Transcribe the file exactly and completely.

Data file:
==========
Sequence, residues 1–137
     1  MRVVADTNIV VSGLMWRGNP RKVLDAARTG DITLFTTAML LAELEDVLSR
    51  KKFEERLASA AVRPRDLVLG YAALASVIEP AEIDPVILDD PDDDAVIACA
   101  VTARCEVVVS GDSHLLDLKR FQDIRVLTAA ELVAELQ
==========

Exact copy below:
Sequence, residues 1–137
     1  MRVVADTNIV VSGLMWRGNP RKVLDAARTG DITLFTTAML LAELEDVLSR
    51  KKFEERLASA AVRPRDLVLG YAALASVIEP AEIDPVILDD PDDDAVIACA
   101  VTARCEVVVS GDSHLLDLKR FQDIRVLTAA ELVAELQ